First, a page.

#6 Ask your client to assist your budgeting process.

Inform your client that you are putting your budget together and need to ascertain how many crews you'll need or whether you may need to acquire additional equipment. This technique may be more appropriate for commercial clients, but I've actually seen it work for residential contractors who work for clients with larger properties or who hold multiple properties.

#7 Send a proposal for future work.

Many contractors have very close relationships with their clients and thus it would not be too presumptuous on their part to provide a proposal of future work. Certainly the proposal should reflect those conversations that have actually taken place between the contractor and client but might also include some of what was presented in #2 and #3. This technique simply formalizes some of the previous efforts, providing the client with something to hold on to, review and include in their own budgeting for future work.

#8 Build a strong relationship.

This final technique is something every successful contractor has done with existing clients. Look at every client individually and consider what type of relationship you want to have. Each of the previous techniques is driven by asking for something, but this technique is focused on building good relationships.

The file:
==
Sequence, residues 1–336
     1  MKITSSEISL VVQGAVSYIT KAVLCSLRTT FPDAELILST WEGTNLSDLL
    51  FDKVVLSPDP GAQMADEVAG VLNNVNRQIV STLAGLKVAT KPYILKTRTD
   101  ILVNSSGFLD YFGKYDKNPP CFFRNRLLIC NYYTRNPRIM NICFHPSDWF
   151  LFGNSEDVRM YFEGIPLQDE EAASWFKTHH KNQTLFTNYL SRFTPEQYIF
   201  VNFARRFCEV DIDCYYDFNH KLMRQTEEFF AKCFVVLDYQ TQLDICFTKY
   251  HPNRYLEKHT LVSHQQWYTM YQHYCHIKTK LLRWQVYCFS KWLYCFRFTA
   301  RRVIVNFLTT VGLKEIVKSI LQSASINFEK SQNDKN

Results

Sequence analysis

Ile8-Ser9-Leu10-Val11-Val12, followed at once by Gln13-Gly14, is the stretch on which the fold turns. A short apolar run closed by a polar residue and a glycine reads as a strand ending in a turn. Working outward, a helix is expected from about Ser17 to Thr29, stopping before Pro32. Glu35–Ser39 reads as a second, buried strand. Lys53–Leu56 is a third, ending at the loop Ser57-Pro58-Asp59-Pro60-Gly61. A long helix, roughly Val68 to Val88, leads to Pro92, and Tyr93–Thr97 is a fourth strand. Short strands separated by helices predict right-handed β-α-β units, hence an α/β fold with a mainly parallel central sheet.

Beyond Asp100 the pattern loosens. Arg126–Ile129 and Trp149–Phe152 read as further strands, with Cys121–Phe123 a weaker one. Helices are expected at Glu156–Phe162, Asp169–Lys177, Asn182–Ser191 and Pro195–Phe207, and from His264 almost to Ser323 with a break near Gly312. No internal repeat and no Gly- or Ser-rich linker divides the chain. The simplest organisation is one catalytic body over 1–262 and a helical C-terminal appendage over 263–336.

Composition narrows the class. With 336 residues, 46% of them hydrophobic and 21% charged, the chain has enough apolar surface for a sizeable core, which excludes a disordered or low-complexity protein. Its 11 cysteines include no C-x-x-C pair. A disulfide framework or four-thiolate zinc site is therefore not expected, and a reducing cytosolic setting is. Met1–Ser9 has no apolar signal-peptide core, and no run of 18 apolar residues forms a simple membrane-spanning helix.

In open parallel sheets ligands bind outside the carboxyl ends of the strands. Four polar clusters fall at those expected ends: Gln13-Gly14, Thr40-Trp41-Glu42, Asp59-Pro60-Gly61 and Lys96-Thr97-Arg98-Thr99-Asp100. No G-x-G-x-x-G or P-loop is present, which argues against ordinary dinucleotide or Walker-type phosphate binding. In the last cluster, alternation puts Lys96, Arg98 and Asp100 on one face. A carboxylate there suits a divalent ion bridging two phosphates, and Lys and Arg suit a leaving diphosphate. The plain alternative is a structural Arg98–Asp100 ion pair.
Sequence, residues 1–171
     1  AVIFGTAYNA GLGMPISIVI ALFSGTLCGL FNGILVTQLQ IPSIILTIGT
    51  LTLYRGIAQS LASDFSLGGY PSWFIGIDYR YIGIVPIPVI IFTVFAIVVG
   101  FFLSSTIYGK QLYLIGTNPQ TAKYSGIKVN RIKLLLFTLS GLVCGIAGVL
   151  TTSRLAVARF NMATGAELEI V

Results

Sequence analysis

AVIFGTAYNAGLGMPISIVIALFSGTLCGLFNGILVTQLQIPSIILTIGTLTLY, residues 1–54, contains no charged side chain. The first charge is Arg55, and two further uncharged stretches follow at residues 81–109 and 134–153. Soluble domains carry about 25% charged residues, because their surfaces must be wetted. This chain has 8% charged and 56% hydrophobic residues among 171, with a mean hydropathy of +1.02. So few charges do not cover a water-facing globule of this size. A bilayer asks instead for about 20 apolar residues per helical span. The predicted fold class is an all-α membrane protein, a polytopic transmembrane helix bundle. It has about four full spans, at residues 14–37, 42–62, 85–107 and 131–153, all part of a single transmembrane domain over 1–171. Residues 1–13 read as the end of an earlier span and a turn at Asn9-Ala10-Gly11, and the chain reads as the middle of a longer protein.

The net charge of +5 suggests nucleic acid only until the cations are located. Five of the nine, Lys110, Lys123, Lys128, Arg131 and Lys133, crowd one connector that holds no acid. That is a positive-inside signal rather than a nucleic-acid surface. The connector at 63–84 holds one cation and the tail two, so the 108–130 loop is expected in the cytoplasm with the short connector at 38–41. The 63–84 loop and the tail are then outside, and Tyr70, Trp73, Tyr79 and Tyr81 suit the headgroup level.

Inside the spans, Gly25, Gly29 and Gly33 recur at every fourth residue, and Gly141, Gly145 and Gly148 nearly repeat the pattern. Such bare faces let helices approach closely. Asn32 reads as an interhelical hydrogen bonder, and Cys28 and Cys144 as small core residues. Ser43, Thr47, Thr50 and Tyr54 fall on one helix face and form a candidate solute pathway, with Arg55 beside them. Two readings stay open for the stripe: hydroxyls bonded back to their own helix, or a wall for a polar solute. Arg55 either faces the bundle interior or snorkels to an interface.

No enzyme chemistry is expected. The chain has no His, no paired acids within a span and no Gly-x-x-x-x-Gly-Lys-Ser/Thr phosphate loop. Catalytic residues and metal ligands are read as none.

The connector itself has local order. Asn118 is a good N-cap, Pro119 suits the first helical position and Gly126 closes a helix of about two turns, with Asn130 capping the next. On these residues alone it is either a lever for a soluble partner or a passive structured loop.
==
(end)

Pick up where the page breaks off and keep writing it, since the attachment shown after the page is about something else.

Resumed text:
As contractors, our goal is not to become best friends with every client but to work to be better liked and appreciated. Think about the basics of being a friend. A friend tells it like it is, doesn't shy away from pointing out potential snags and pitfalls, prevents emergencies from taking place, and overall looks to keep a friend out of trouble. Most of the successful contractors I've had the privilege to work with and to know personally count many of their clients as friends. Some of these clients also count those contractors as their friends. They may not socialize very often, if at all, but there is a respect and appreciation for the relationship. Bottom line, most folks don't work with people they dislike.

Working hard at building repeat business takes time and sometimes a few bucks. But it still pales in comparison to trying to market for new work only. There is less game playing since both businesses are familiar with how the sales, building, and billing process works and are not shy about sharing their concerns. Most customers are looking for those contractors who can deliver what they propose, who treat them fairly and who can partner with them on future work if there is future work to be had.

Brad Humphrey is a president of Pinnacle Development Group, a consulting firm that specializes in the construction industry. For more information about this topic and others go to www.gangboxinc.com and find resources developed by Brad's firm specifically for the construction industry.